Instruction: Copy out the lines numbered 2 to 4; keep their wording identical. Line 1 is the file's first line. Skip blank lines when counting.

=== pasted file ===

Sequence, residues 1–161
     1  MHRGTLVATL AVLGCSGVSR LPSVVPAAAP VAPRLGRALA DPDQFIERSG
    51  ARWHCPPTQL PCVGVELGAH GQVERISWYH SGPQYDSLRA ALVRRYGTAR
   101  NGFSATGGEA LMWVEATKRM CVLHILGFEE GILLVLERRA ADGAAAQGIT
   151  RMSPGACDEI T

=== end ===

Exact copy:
     1  MHRGTLVATL AVLGCSGVSR LPSVVPAAAP VAPRLGRALA DPDQFIERSG
    51  ARWHCPPTQL PCVGVELGAH GQVERISWYH SGPQYDSLRA ALVRRYGTAR
   101  NGFSATGGEA LMWVEATKRM CVLHILGFEE GILLVLERRA ADGAAAQGIT